• The charts that measure variation on a continuous scale (Variables control charts) are more sensitive to change than those charts that measure variation on a discrete scale (Attribute control charts).
  • Variables charts are useful for processes such as measuring tool wear.
  • Use an individual chart (I-chart) when few measurements are available (e.g., when they are infrequent or are particularly costly). These charts become essential when the natural subgroup is unknown.
  • A measure of defective units is found with u– and c-charts.
  • The defects present within the unit must not be dependent on each other. Examples would be the component failures on a printed circuit board or the number of defects on a billing statement.
  • Use a u-chart for continuous items, such as fabric (e.g., defects per square meter of cloth).
  • c-chart is a useful alternative to a u-chart when there are a lot of possible defects on a unit, but there is only a small chance of any single flaw occurring (e.g., flaws in a roll of material).
  • When charting proportions, p– and np-charts are useful (e.g., compliance rates or process yields).

Common Mistakes:

Following are the five most prevalent and costly mistakes I witness in the application of SPC.

Capability before stability

Capability is a critical metric, and customers want assurance that processes are capable of meeting their requirements. These necessities corresponded as tolerances or specifications.  However, the first issue to be addressed is getting to a stable, predictable process. Building control charts into the analytical process on the front end can prevent costly mistakes such as producing scrap, shipping unacceptable products, or even being forced to issue recalls.

Not assessing the measurement system

Measurement systems analysis (MSA) is a critical area that is easily overlooked when while focusing on SPC, but even the best application of SPC tools can be undermined when the ability to measure things is uncertain.

Failure to manage the measurement system

In addition to the MSA tools, need to properly manage measuring devices. How well is measurement equipment managed? What is the calibration interval? What steps are checked during a calibration? What is the calibration history for a specific device? Which master gauges have been used for the calibration, and are those devices calibrated?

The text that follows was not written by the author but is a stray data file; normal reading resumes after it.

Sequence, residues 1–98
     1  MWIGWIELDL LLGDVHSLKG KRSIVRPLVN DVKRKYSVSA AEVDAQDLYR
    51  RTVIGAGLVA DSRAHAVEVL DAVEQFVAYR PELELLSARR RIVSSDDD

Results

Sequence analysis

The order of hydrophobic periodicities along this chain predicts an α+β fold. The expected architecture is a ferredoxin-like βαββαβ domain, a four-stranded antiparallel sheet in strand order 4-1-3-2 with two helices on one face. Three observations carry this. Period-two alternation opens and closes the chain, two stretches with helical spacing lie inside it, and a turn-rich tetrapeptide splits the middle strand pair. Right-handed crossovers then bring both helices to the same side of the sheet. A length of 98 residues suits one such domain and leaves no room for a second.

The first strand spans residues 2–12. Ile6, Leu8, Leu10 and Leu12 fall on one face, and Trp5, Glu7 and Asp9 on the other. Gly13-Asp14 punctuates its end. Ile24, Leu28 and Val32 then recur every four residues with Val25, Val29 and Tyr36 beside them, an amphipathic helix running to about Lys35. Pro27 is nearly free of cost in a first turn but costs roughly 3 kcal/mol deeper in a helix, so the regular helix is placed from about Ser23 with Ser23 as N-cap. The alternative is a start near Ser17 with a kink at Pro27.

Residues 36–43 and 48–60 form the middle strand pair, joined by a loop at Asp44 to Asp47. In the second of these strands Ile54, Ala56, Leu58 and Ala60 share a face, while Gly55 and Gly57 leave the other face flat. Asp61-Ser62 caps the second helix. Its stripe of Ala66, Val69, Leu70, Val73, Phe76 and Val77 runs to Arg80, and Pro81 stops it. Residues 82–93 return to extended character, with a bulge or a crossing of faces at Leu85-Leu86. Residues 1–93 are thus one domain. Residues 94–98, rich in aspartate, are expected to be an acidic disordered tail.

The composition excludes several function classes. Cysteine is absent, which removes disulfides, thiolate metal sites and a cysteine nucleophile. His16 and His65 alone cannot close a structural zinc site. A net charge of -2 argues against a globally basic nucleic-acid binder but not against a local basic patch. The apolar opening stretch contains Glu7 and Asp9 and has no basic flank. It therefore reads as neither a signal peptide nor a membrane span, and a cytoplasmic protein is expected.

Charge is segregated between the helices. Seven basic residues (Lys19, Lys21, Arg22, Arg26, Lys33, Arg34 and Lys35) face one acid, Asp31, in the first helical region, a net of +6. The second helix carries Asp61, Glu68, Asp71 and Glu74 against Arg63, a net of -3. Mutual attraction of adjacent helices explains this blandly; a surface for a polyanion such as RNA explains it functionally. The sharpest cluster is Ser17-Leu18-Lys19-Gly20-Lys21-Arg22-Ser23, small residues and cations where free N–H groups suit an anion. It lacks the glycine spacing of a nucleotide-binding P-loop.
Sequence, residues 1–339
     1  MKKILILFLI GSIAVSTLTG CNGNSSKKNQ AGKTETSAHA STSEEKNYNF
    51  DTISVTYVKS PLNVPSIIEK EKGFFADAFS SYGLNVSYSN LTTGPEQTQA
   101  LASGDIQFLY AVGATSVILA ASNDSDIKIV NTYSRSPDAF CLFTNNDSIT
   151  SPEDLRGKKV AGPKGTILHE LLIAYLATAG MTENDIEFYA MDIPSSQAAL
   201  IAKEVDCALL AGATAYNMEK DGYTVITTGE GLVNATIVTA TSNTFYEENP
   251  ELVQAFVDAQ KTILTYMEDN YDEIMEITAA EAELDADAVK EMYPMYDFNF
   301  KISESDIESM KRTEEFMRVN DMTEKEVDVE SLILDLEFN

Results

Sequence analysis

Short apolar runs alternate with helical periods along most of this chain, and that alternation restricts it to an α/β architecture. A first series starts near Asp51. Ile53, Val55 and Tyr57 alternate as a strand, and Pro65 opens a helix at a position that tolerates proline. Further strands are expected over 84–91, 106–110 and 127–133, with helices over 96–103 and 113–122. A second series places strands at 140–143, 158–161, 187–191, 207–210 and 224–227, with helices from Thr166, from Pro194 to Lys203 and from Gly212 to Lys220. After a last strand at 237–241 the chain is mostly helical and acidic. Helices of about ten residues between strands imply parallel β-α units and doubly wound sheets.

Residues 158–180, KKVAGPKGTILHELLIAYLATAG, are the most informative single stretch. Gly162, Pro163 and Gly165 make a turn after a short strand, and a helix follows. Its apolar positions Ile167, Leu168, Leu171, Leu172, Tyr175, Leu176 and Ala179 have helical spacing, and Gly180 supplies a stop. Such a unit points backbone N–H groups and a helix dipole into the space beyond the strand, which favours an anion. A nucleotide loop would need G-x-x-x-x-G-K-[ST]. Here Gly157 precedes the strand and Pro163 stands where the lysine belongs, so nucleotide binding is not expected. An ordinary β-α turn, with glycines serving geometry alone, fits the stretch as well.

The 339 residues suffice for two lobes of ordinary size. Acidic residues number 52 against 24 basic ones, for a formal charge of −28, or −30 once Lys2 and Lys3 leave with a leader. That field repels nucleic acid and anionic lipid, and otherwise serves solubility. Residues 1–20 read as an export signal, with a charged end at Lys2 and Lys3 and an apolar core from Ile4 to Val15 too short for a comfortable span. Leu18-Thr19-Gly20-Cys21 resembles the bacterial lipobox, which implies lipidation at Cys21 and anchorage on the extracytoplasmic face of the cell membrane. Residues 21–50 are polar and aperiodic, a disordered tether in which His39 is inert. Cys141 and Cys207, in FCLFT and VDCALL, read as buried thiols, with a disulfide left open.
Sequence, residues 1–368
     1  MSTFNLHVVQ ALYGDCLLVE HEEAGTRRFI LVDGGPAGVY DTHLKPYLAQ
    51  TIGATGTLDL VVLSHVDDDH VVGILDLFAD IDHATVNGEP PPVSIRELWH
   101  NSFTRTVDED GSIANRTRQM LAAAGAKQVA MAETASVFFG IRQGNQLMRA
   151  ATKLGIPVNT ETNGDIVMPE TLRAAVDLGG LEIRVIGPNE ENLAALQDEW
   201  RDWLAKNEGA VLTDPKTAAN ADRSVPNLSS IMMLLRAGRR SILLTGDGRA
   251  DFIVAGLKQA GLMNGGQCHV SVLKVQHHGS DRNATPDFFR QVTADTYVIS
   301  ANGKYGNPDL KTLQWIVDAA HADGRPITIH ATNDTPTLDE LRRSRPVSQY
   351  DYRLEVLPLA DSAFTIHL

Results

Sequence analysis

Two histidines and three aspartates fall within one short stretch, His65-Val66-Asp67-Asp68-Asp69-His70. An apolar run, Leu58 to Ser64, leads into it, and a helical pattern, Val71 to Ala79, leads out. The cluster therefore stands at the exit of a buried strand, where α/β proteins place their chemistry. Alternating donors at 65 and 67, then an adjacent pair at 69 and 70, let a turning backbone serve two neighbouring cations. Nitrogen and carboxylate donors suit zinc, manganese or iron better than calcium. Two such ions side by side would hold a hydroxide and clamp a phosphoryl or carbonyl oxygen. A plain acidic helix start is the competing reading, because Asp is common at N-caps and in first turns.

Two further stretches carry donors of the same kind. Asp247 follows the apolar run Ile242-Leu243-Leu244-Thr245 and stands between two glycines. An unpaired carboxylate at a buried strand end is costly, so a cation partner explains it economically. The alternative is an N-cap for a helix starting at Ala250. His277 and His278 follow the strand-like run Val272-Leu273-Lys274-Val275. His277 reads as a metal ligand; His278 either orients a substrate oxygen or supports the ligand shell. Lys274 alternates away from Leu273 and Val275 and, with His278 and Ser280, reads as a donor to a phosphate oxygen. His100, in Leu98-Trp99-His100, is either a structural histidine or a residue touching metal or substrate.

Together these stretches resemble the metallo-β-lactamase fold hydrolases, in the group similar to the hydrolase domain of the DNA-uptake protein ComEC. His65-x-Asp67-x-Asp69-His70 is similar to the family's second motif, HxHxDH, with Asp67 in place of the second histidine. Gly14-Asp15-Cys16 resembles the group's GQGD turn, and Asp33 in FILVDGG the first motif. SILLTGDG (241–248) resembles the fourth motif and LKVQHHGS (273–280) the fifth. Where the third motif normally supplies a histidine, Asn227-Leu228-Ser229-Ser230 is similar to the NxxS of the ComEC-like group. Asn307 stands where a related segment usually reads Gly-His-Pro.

Certain software applications such as PQ Systems' GAGEpack have been designed for this purpose and can help assess and manage measurement systems.

Creating and viewing too many charts for too few signals

The creation and arrangement of SPC charts have been made simpler with the help of technology. Although this can have many advantages, the amount of time spent by valuable workers doing repetitive, non-value-added, SPC-related work can be costly. To monitor dozens or even hundreds of SPC charts, but need to look for methods of scaling SPC application. The following steps might be time-consuming and need to be considered.

  • Find the chart of interest
  • Display the chart
  • Analyze the chart
  • Decide if action is needed or not

Misuse of control limits

The development of control charts does not assure accurate process feedback. There may be many intricacies with the application of control limits that can easily go wrong. Here are a few common errors: 

  • Computing wrong limit values with a home-grown tool
  • Never computing static control limits 
  • Never re-computing control limits
  • Waiting to have enough data to compute control limits
  • Confusing specification limits with control limits

Context and Applications:

This topic is significant in graduate and postgraduate courses, especially for:

  • Bachelor of Commerce
  • Master of Commerce
  • Master of Business Administration
  • Quality Controls
  • 7 QC Tools
  • Capability Analysis